Letter from John McCarthy to Msgr. Paul Tanner, October 1, 1965


Senator Edward Kennedy, 1962
Courtesy of the JFK Presidential Library

The passage of the 1965 Immigration Act was a watershed event in American Catholic history. The legislation, supported by politicians such as Senator Edward Kennedy (D-Massachusetts), finally eliminated the last remnants of the national origins quota system; many Catholics viewed this as a victory over the anti-Catholic sentiment of the earlier legislation. The new Act, however, had problems of its own, and opposition to some of its provisions arose almost immediately. In this memo to the secretary-general of the NCWC, John McCarthy, the director of the NCWC's Department of Immigration, discusses the biggest problem with the new bill, and advises Paul Tanner on the steps being taken to resolve the matter.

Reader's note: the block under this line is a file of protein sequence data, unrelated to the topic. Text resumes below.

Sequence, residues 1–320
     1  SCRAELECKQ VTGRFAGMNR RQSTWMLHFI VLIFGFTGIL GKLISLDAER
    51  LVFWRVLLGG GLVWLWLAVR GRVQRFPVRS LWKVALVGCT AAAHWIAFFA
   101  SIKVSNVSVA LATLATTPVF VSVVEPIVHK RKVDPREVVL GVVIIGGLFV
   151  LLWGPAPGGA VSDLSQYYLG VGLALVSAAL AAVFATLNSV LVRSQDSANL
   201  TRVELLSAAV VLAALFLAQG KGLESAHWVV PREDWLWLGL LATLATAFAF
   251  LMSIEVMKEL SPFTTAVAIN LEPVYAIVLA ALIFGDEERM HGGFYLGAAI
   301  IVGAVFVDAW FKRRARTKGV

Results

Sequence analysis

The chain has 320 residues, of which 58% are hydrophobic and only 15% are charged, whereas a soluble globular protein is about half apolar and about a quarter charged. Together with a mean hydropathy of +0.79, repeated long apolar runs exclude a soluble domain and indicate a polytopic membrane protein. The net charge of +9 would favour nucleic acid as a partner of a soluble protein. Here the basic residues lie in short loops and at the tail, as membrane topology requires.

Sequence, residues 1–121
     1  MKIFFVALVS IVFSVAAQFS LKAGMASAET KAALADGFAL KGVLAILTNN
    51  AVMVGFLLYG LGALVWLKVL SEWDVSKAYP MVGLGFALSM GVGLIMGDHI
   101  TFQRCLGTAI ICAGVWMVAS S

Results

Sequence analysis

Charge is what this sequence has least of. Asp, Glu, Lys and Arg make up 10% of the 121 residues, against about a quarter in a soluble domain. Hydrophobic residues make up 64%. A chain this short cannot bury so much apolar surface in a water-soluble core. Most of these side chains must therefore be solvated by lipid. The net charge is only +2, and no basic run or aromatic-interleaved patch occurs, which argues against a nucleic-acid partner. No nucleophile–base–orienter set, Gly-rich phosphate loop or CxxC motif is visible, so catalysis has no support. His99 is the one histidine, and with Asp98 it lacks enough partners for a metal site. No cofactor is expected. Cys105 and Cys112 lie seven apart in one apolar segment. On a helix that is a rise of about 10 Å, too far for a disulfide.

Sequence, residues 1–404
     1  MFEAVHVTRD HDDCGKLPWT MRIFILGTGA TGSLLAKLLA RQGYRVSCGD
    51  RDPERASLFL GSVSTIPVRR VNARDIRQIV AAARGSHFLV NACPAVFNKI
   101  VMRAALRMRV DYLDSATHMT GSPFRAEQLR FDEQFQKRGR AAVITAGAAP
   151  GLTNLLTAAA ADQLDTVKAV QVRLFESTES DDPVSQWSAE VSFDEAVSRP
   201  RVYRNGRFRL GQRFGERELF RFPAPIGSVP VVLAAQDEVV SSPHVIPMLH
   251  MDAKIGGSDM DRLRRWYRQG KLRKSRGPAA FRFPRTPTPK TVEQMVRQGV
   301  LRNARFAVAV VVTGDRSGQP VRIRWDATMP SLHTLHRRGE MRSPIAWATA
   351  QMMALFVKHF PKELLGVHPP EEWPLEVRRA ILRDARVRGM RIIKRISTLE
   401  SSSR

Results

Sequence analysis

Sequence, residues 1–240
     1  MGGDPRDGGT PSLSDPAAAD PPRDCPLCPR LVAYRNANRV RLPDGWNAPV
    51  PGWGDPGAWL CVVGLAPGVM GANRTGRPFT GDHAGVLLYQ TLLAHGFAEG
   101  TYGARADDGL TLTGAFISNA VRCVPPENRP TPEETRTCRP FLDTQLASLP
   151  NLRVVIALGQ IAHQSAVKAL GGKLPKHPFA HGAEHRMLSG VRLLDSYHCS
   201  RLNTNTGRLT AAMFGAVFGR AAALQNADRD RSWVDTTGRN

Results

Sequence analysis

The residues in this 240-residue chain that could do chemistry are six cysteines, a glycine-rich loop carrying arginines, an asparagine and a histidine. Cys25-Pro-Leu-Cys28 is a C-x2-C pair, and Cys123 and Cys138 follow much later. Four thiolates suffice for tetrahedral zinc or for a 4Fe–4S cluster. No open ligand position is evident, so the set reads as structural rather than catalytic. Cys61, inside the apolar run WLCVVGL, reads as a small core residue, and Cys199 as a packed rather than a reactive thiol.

McCarthy to Tanner


As you read the document, reflect on the following questions:

  • What provision was the biggest major problem with the new legislation? What reason does McCarthy give for having opposed this provision?
  • McCarthy describes some of the complicated political compromises that were required to secure the passage of the 1965 Immigration Act. Which Senator held the swing vote, forcing the committee to include the problematic provision?
  • A committee was being appointed to study the new problems arising from the 1965 Act. According to McCarthy, what other fields would this committee have to look into?